Kenya: Reject efforts to withdraw from the International Criminal Court
The Kenyan government’s proposal to withdraw from the International Criminal Court (ICC) Statute is an affront to the hundreds of thousands of Kenyans who lost their lives or were driven from their homes during the post-election violence that rocked the country in 2007-8.
“This move is just the latest in a series of disturbing initiatives to undermine the work of the ICC in Kenya and across the continent,” said Netsanet Belay, Amnesty International’s Africa programme director.
The proposal, which will be debated in an emergency parliamentary session on Thursday, comes just days before Kenya’s Deputy President William Ruto will stand trial in The Hague accused of crimes against humanity. Kenyan President Uhuru Kenyatta also faces serious charges; his trial is due to start on November 12.
“Amnesty International calls on each and every parliamentarian to stand against impunity and reject this proposal.”
The violence that followed the 2007 election in Kenya left over 1000 people dead and half a million displaced.
President Kenyatta and Deputy-President Ruto, who were both senior political figures at the time of the post-election violence, are accused of crimes against humanity including murder, forcible population transfer, and persecution. President Kenyatta is also accused of responsibility for rape and other inhumane acts – including forced circumcision and penile amputation – carried out by the Mungiki, a criminal gang allegedly under his control.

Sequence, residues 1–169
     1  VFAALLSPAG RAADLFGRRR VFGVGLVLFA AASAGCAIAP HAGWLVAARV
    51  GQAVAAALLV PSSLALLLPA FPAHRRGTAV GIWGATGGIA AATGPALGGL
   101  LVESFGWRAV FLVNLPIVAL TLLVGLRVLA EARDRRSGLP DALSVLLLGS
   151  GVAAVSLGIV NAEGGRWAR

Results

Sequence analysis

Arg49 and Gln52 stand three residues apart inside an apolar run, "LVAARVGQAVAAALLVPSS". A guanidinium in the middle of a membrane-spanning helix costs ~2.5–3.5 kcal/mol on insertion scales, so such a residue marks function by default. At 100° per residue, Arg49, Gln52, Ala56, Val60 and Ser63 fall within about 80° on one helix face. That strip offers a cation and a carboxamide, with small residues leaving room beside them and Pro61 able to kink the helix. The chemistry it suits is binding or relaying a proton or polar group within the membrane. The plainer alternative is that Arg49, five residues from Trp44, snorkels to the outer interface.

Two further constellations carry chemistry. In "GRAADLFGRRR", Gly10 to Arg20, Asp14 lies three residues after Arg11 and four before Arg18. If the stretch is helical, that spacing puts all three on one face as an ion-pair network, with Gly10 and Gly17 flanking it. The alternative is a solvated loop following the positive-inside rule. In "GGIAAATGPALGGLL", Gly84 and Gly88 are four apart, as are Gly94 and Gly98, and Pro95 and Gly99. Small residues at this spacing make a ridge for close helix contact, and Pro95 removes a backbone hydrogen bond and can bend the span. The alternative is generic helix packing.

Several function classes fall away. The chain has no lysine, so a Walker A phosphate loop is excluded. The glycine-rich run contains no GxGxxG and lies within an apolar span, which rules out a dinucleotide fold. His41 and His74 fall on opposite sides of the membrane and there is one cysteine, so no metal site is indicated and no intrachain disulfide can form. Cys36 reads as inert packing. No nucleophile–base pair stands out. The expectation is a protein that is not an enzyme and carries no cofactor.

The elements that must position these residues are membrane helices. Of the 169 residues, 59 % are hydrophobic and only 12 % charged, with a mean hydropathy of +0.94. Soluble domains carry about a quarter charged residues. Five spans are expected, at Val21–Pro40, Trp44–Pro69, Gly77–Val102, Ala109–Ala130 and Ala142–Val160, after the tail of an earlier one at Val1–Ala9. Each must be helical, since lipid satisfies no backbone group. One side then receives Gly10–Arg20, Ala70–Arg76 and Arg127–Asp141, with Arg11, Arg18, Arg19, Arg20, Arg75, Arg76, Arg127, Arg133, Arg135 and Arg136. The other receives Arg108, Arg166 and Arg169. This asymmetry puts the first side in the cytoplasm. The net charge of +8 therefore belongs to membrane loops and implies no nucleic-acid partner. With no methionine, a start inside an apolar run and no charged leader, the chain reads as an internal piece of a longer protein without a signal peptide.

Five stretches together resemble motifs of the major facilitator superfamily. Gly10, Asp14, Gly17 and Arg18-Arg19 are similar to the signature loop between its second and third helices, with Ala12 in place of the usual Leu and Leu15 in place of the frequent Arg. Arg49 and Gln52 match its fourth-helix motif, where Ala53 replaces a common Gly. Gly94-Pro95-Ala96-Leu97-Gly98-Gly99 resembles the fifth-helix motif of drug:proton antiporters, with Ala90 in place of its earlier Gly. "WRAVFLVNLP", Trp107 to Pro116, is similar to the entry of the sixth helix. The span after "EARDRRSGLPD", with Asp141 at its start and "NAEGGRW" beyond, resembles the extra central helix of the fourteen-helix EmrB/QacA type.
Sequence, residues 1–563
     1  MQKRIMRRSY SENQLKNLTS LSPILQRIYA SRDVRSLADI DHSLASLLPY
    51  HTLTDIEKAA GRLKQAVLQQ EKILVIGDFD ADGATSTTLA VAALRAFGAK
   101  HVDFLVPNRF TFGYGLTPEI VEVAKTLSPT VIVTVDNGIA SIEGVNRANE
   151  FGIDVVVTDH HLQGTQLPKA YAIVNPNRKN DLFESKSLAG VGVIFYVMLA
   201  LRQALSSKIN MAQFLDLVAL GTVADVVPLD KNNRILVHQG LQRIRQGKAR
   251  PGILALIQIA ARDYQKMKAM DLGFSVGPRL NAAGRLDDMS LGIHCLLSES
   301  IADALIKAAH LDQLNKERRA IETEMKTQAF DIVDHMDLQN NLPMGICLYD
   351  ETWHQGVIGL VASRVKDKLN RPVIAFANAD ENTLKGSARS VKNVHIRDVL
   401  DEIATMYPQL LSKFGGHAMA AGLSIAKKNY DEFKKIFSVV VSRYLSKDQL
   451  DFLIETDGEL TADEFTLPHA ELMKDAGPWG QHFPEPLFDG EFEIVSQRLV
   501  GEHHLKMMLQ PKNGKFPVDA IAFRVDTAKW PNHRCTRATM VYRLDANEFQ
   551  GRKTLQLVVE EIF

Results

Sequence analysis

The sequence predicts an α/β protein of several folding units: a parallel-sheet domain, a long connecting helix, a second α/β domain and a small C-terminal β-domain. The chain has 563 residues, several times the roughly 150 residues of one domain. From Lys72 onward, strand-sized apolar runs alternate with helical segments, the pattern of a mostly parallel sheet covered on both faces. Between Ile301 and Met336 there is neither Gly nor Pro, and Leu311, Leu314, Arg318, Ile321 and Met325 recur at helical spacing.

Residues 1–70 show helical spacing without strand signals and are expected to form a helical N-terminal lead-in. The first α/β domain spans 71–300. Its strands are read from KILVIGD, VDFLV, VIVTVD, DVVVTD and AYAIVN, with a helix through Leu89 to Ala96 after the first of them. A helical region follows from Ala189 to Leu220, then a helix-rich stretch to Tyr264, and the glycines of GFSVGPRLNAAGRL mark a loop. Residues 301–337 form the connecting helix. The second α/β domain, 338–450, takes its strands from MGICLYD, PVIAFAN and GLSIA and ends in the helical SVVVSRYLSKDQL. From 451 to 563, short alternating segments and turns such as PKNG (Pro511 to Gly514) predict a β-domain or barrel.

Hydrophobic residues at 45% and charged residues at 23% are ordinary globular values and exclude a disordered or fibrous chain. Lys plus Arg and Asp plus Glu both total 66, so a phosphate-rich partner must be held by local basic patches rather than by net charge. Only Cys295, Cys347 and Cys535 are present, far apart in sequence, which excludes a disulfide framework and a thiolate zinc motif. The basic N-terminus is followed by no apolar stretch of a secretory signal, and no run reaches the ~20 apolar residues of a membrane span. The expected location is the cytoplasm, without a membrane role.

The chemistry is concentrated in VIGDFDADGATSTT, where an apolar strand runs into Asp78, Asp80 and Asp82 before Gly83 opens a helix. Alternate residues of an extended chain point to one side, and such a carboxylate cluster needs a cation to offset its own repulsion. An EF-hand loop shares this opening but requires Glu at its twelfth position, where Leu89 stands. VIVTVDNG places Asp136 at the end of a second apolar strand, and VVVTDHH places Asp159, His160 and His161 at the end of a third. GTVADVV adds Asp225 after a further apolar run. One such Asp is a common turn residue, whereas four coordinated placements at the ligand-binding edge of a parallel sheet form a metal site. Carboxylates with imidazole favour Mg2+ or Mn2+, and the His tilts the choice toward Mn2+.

They were elected as President and Deputy President respectively in March 2013. The ICC’s Statute is clear that there can be no immunity, even for heads of state.
Broadcaster Joshua Arap Sang also stands accused of murder, forcible population transfer and persecution as crimes against humanity. He is due to be tried with Deputy-President Ruto.
Even if Kenya withdraws from the Rome Statute, the decision will only come into effect in one year.
“These cases must proceed and the government has a legal obligation to cooperate fully. Put simply, there is no legal way that the government can evade the justice process in these cases,” said Netsanet Belay.
Withdrawal could however preclude the ICC from investigating and prosecuting any future crimes committed after the withdrawal comes into effect. Cases could then only be brought before the Court if the government decides to accept ICC jurisdiction or the UN Security Council makes a referral.
“Essentially, a withdrawal would strip the Kenyan people of one of the most important human rights protections and potentially allow crimes to be committed with impunity in the future,” said Netsanet Belay.
“What we currently see is the government committing to cooperate with the ICC’s cases on one hand and taking every opportunity to politically attack the ICC and undermine it on the other.”